07 June 2015 - A group of young girls is defying the odds in one of the country's most dangerous areas.
CAPE TOWN - A group of young girls is defying the odds in one of the country&39;s most dangerous areas.
The Rock Girls are using travel to overcome the traumatic effects of ongoing gang violence in Manenberg.
Most have barely been outside of Cape Town but on Friday they will climb into an overland vehicle and embark on a life-changing journey to the Eastern Cape.
But when the eNCA reporter went to the area to meet with the girls, not all of them could make it. Following sporadic gunfire, some of the girls were too afraid to leave their homes for the meeting for fera of getting caught in the fughting gang&39;s crossfire.
Fifteen-year-old Amaan is one of the girls who managed to get to us safely.
She says, "I don&39;t live on the side where the violence is happening so much. I live where it&39;s kind of quiet but at the back of us then they shoot a lot."
Sometimes it is so sad, we see children...they just drop to the ground cause they know what&39;s gonna happen eventually. They just roll and they wait there."
It seems the only predicatble thing in Manenberg is the violence.
It is for this very reason that Rock Girl was founded by India Baird five years ago.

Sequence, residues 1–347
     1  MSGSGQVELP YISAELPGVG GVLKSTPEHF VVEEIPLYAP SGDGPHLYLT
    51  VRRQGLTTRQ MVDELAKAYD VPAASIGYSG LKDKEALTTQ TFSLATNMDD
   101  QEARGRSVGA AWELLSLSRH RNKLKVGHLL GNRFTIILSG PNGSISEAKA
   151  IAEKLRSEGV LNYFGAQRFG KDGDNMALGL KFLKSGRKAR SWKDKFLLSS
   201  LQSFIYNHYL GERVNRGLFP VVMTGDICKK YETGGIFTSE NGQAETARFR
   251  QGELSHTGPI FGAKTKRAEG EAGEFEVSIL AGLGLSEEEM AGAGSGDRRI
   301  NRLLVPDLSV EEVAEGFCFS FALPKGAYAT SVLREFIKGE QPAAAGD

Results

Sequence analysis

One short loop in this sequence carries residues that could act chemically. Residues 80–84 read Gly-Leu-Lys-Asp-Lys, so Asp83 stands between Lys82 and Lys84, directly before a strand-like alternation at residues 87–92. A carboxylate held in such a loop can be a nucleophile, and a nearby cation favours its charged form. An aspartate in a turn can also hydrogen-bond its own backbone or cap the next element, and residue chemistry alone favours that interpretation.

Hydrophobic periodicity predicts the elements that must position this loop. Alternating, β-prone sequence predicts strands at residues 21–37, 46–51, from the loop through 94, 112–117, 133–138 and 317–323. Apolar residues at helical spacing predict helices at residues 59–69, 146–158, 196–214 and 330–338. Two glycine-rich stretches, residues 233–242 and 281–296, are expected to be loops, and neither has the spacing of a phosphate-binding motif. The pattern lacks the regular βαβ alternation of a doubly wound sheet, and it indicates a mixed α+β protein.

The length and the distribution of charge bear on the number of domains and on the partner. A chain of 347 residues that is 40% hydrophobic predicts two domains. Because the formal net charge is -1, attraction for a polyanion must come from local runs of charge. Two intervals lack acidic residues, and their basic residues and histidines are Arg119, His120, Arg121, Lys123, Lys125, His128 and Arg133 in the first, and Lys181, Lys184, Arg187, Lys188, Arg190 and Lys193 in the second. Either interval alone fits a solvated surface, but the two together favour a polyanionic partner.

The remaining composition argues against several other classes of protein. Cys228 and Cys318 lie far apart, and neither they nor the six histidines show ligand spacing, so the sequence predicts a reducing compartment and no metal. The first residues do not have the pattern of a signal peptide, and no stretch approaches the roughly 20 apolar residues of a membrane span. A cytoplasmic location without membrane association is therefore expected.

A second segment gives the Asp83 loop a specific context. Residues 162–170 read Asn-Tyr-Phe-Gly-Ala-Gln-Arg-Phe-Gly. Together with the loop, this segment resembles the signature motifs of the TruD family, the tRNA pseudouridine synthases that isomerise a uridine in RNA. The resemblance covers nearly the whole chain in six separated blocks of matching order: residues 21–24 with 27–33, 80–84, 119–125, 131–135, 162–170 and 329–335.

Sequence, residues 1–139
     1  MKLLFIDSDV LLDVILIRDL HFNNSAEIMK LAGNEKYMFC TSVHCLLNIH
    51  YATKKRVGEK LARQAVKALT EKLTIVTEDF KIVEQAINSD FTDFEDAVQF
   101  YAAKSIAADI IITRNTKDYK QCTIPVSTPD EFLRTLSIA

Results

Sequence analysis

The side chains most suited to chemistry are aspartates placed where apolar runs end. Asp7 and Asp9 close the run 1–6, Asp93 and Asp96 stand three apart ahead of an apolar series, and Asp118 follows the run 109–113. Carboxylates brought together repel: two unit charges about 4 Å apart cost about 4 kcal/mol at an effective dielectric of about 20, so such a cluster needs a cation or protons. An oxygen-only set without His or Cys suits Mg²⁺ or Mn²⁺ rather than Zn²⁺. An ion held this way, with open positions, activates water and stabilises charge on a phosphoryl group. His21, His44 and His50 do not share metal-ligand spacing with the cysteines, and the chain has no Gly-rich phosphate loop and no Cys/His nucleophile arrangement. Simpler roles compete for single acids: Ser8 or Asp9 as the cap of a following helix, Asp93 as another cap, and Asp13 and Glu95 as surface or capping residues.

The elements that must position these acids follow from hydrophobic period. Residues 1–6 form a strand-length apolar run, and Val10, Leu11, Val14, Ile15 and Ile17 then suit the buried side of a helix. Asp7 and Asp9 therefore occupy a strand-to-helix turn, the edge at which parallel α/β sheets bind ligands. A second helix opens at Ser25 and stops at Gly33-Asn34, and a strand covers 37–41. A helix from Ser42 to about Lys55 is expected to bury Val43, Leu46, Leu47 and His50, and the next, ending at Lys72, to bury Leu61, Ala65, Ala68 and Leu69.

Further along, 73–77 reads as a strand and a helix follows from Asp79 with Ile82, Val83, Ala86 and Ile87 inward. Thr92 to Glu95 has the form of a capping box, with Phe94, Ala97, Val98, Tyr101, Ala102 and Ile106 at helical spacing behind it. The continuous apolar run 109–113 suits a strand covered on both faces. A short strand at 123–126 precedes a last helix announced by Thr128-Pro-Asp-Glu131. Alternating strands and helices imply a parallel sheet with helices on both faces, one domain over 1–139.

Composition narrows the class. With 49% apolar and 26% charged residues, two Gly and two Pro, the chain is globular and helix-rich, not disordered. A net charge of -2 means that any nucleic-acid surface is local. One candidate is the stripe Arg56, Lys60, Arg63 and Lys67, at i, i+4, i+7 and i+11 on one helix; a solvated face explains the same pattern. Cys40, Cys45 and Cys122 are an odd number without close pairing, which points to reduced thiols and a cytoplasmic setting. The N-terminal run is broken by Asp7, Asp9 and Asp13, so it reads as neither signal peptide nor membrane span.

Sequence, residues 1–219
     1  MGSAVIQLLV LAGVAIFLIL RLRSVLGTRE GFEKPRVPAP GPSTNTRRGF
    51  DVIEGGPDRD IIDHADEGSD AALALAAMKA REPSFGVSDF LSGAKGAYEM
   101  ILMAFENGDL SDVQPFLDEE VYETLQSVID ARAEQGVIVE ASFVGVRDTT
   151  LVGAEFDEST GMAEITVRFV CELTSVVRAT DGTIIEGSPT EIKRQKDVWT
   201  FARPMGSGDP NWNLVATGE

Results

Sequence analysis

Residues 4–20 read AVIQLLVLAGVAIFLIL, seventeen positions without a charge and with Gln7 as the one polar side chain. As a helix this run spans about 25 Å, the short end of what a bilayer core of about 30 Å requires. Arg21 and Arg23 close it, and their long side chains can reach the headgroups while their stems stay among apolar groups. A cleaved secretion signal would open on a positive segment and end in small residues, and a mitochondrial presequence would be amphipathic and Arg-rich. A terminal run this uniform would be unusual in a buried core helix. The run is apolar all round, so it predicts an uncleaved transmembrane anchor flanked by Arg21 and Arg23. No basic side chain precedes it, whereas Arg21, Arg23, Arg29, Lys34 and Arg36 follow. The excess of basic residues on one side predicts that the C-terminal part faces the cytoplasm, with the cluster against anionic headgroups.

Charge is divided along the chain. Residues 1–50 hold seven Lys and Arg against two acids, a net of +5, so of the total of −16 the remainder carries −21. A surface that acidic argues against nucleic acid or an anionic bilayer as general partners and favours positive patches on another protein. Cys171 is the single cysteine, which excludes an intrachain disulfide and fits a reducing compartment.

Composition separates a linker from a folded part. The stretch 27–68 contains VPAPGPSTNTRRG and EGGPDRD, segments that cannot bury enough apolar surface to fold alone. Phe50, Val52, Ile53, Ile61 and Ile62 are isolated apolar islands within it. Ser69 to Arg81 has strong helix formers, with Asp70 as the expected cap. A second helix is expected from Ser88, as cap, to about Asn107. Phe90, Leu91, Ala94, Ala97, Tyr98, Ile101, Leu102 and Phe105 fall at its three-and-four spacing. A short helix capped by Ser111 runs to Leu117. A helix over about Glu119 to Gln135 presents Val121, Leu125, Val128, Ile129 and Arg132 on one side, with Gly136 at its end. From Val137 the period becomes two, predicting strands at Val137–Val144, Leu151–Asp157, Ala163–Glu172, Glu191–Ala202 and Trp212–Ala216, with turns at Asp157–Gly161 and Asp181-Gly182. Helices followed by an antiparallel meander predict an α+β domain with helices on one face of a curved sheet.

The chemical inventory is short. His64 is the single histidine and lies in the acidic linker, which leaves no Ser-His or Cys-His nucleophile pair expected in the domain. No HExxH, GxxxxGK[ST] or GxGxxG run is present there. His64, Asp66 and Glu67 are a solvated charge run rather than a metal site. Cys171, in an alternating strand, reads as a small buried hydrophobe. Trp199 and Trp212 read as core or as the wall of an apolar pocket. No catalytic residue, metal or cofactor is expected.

She meets with the group of girls every week, to provide them with a safe space to share their stories, learn new skills, become resilient and heal from the near daily trauma.
Baird says, "They ask. You know, do other girls have the same? Is there shooting in other neighborhoods? Is there shooting where you are? They want to find out what it&39;s like for other girls."
And they will soon find out when they climb into this massive overland vehicle and make their way up the East Coast of South Africa to Port Elizabeth.
The girls are being trained as youth reporters and will meet, interview and photograph women and girls along the way and create pop up exhibitions in each community.
They&39;ll also be setting up a mobile radio station to broadcast their stories as they travel.
When they return, they&39;ll be placed in internships so they can be further empowered to make a positive impact back home.
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